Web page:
NTSB Says Controllers Should Have Emergency Powers
The NTSB is using the US Airways flight 1549 Hudson River ditching to allow air traffic controllers to independently label an aircraft's discrete transponder code as an emergency code, regardless of the crew's actions. (Link to PDF.) Capt. Chesley Sullenberger and FO Jeff Skiles, famous for their safe handling of an Airbus A320 as it glided into the Hudson, did not set their transponder to 7700. The NTSB does not fault them for that. But it does recognize that when an emergency code is selected, the full data block associated with the aircraft is provided to the displays of more controllers. And that, the NTSB hopes, could improve airspace handling, teamwork and a safe outcome during complicated emergency situations. The NTSB safety recommendation gained support from controllers.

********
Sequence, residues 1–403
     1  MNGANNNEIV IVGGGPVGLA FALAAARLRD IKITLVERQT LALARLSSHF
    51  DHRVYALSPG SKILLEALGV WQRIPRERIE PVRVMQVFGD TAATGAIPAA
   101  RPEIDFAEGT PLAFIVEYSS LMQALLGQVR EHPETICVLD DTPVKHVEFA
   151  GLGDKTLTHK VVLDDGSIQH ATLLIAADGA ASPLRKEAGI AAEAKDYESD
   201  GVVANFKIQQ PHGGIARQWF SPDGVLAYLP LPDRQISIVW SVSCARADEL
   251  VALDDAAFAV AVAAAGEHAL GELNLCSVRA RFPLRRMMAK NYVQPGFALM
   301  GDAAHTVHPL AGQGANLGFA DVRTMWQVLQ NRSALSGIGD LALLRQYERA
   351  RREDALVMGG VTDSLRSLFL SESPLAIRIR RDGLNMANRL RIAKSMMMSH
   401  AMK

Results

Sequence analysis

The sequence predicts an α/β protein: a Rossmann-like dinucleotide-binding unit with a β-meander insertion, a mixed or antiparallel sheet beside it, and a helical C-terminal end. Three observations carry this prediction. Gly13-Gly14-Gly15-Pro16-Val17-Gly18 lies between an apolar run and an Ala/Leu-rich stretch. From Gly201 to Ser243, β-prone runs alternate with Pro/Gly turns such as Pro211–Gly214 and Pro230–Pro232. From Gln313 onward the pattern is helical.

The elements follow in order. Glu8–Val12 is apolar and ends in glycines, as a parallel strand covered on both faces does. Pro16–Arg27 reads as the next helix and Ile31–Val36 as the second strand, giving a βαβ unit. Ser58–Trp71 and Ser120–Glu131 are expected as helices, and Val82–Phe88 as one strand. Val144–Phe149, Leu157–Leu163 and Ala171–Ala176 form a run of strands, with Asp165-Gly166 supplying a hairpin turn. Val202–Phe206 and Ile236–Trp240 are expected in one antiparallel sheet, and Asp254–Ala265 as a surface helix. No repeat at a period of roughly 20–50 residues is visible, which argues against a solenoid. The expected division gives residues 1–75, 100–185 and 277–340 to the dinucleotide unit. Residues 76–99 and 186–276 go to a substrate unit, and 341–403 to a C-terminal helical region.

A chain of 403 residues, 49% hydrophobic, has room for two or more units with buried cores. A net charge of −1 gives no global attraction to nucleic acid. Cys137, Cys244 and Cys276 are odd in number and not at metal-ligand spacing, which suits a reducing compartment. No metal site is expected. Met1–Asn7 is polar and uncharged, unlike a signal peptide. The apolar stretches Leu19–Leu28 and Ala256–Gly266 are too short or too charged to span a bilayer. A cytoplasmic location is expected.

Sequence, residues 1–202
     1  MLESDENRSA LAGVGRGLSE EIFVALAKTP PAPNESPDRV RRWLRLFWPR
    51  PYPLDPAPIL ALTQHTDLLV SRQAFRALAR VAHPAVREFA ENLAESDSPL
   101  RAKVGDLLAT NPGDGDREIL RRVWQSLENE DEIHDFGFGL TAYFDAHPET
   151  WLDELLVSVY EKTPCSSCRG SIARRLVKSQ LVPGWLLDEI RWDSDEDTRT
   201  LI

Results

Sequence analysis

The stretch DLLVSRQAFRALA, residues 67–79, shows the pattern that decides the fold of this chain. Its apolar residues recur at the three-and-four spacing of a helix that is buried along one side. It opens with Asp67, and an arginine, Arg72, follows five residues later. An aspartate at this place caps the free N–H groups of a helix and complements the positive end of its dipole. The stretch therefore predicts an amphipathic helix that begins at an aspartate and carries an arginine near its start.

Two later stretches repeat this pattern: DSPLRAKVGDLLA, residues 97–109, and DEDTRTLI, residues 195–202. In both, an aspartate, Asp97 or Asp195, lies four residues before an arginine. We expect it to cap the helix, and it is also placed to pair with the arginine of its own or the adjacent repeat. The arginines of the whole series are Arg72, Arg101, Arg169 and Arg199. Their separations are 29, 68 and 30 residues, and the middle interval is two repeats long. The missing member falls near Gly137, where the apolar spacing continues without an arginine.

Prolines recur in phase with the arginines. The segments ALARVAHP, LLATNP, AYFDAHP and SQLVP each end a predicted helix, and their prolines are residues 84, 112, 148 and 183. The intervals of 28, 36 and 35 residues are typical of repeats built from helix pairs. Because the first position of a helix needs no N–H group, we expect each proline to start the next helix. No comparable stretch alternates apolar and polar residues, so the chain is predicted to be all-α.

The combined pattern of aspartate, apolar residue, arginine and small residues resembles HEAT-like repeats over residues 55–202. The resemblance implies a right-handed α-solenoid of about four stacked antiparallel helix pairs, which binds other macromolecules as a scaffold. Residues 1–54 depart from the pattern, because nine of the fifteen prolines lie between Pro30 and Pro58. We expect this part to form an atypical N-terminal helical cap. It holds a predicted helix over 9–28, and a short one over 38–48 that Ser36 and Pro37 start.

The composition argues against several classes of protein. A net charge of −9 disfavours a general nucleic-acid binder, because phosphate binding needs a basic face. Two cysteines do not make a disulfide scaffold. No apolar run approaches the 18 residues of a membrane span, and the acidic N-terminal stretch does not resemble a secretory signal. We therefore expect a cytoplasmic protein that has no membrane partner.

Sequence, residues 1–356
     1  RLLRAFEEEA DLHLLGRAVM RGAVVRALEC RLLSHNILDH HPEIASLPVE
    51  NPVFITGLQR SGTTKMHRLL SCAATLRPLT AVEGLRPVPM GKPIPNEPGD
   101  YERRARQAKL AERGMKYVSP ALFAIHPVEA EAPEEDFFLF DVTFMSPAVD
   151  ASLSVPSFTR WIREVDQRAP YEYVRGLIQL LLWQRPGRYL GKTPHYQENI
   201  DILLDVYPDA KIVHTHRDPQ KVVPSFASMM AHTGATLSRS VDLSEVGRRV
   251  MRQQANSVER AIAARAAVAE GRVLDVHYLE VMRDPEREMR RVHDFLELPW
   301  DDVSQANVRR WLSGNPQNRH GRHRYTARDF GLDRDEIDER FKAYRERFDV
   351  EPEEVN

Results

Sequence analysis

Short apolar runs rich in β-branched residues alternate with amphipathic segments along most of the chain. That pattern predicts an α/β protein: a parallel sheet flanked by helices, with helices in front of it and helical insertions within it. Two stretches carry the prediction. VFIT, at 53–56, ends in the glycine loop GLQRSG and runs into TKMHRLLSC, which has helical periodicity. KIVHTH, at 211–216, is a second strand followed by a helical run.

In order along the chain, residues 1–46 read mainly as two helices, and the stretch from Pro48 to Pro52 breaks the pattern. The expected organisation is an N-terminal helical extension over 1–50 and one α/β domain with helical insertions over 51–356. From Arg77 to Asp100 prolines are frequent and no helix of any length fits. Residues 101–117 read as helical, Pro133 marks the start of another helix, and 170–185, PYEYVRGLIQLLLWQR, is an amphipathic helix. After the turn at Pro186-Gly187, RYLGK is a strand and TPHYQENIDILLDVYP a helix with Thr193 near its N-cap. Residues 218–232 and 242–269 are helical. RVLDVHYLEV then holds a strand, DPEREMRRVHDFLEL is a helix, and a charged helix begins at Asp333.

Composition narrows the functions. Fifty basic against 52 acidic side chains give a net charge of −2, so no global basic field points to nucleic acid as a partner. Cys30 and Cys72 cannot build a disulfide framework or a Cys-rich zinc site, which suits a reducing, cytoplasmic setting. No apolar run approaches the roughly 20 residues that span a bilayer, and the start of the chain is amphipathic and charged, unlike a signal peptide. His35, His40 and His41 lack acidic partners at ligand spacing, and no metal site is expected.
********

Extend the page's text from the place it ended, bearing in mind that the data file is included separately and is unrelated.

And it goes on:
The recommendation would bring changes to airport surveillance radar, automated radar terminal systems, and how controllers interface with those systems. It would grant controllers the ability to independently identify (within their systems) an aircraft in distress, bypassing the busy emergency flight deck. Controllers at other facilities would then have access to more complete data while working the problem. Speaking for the National Air Traffic Controllers Association (NATCA), Doug Church said the proposal "does make sense, and it is, in fact, practical and a good idea to enhance aviation safety."